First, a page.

09 May 2022
09 May 2022
Status: this preprint is currently under review for the journal AMT.

High-Fidelity Processing of Instantaneous Line-of-Sight Returns from Nacelle-Mounted Lidar including Supervised Machine Learning

Kenneth A. Brown and Thomas G. Herges Kenneth A. Brown and Thomas G. Herges
  • Sandia National Laboratories, Albuquerque, 87123, U.S.A.

Abstract. Wind turbine applications that leverage nacelle-mounted Doppler lidar are hampered by several sources of uncertainty in the lidar measurement, affecting both bias and random error. Two problems encountered especially for nacelle-mounted lidar are solid interference due to intersection of the line of sight with solid objects behind, within, or in front of the measurement volume, as well as spectral noise due primarily to limited photon capture. These two uncertainties can be reduced with high-fidelity quality assurance/quality control (QA/QC) processing techniques. Our work compares three QA/QC techniques, including conventional thresholding, advanced filtering, and a novel application of supervised machine learning with ensemble neural networks, based on their ability to reduce uncertainty introduced by the two observed non-ideal spectral features. The approach leverages data from a field experiment involving a continuous-wave (CW) SpinnerLidar from the Technical University of Denmark (DTU) that provided scans of a wide range of flows both unwaked and waked by a field turbine. Independent measurements from an overlapped meteorological tower permit experimental validation of the instantaneous velocity uncertainty remaining after QA/QC processing that stems from solid interference and strong spectral noise, which is a validation that has not been performed previously. All three methods perform similarly for non-interfered returns, but the advanced filtering and machine learning techniques perform better when solid interference is present, which allows them to produce overall standard deviations of error between 0.2 and 0.3 m/s, or a 1–22 % improvement versus the conventional thresholding technique, over the rotor height for the unwaked cases. Between the two improved techniques, the advanced filtering produces 3.5 % higher overall data availability, while the machine learning offers a faster runtime (i.e, ~1 second to evaluate) that is therefore more commensurate with the requirements of real-time turbine control. The QA/QC techniques are described in terms of application to CW lidar, though they are also relevant to pulsed lidar. Previous work by the authors (Brown and Herges, 2020) explored a novel attempt to quantify uncertainty after a lidar QA/QC process using simulated lidar returns; this article provides true uncertainty quantification versus independent measurement and does so for three rather than one QA/QC techniques.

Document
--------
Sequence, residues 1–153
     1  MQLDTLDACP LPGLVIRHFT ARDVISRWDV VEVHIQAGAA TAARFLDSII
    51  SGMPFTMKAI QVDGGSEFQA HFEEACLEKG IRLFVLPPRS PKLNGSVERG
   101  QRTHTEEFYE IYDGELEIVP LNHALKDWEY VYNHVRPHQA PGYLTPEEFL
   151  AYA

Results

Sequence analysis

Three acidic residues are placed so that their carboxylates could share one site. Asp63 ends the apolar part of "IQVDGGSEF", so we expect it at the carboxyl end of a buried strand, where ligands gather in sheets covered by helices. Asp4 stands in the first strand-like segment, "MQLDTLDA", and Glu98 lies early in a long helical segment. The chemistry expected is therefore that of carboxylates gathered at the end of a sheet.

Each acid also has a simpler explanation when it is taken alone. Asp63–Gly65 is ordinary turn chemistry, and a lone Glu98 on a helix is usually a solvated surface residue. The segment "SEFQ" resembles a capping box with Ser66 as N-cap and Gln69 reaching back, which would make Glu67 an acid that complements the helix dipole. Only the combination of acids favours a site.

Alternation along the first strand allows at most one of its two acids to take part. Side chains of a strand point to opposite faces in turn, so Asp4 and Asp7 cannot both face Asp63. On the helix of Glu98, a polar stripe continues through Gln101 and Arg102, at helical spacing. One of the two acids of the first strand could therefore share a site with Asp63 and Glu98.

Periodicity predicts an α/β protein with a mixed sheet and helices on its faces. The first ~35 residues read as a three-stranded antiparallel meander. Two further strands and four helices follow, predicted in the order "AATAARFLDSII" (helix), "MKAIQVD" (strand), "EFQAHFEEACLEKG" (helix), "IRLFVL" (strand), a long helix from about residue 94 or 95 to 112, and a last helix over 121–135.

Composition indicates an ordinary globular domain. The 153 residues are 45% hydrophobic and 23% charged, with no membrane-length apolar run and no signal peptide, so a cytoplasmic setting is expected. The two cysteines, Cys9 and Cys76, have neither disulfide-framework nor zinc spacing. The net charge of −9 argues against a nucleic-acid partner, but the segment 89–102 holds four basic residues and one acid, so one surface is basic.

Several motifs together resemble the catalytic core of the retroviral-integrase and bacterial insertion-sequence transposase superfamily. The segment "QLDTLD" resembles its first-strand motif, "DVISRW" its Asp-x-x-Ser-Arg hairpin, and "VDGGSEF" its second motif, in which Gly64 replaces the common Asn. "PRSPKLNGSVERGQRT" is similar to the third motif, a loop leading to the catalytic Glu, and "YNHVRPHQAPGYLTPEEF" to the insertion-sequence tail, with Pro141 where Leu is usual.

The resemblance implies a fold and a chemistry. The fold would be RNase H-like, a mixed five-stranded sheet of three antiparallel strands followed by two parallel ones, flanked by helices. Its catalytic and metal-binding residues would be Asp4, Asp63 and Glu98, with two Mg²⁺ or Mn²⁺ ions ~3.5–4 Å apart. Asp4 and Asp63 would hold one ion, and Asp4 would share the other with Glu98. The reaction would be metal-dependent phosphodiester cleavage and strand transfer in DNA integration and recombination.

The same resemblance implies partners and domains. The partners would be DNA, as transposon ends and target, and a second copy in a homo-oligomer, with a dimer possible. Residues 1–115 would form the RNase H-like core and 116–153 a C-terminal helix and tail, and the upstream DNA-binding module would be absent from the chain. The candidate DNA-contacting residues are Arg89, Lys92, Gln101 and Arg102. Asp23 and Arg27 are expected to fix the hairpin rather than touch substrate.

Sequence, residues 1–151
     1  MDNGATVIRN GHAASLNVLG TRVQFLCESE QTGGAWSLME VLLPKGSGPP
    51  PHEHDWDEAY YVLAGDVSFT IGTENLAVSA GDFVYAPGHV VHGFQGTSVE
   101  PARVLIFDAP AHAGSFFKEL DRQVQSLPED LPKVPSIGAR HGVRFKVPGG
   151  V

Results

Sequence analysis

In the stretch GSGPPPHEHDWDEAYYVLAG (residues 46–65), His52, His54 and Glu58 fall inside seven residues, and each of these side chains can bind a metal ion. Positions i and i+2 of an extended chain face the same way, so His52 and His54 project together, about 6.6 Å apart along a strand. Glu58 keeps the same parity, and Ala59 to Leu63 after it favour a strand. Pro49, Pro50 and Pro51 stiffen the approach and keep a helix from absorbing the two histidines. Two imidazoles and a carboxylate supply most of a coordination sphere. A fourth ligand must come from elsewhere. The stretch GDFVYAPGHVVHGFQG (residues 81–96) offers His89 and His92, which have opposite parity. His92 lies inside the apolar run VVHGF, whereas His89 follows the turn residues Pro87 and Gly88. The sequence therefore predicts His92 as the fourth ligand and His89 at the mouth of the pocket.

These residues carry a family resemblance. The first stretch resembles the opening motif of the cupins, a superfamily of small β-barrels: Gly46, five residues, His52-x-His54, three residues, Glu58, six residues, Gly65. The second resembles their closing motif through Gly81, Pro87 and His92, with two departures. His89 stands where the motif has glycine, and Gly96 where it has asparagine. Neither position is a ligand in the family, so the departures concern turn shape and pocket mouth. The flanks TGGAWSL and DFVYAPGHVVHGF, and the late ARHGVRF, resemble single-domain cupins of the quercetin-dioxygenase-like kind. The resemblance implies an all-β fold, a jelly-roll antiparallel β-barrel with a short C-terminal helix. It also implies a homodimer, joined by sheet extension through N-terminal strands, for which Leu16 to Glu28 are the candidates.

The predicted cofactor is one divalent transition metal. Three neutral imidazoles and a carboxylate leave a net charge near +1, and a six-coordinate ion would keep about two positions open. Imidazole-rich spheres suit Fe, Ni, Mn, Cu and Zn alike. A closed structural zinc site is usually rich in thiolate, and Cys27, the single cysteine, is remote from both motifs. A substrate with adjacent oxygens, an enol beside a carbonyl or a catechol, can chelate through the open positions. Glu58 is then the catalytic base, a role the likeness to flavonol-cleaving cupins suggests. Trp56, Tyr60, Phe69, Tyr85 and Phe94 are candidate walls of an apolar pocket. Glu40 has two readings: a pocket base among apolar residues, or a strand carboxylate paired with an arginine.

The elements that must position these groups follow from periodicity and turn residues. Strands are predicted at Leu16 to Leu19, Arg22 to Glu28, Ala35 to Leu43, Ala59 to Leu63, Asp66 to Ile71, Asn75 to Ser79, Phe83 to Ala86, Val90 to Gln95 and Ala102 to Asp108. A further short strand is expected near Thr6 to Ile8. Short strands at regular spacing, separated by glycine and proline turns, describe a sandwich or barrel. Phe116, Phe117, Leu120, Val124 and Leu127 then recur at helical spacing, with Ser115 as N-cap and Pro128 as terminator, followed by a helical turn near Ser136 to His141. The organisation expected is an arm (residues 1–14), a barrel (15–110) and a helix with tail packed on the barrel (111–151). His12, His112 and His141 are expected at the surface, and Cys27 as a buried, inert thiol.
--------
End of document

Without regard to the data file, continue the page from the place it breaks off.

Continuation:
Kenneth A. Brown and Thomas G. Herges

Status: final response (author comments only)

Comment types: AC – author | RC – referee | CC – community | EC – editor | CEC – chief editor | : Report abuse
  • RC1: 'Comment on amt-2022-35', Anonymous Referee #1, 09 Jun 2022
  • RC2: 'Comment on amt-2022-35', Anonymous Referee #2, 02 Aug 2022

Kenneth A. Brown and Thomas G. Herges

Kenneth A. Brown and Thomas G. Herges


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Short summary
The character of the airflow around and within wind farms has a significant impact on the energy output and longevity of the wind turbines in the farm. For both research and control purposes, accurate measurements of the wind speed are required, and these are often accomplished with remote sensing devices. This article pertains to a field experiment of a lidar mounted to a wind turbine and demonstrates three data post-processing techniques with efficacy at extracting useful airflow information.